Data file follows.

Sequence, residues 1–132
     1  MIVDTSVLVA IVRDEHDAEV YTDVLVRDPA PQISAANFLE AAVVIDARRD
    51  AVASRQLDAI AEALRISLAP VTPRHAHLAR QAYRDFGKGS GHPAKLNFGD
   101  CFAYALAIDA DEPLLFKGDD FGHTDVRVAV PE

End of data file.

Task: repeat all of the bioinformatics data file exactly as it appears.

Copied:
Sequence, residues 1–132
     1  MIVDTSVLVA IVRDEHDAEV YTDVLVRDPA PQISAANFLE AAVVIDARRD
    51  AVASRQLDAI AEALRISLAP VTPRHAHLAR QAYRDFGKGS GHPAKLNFGD
   101  CFAYALAIDA DEPLLFKGDD FGHTDVRVAV PE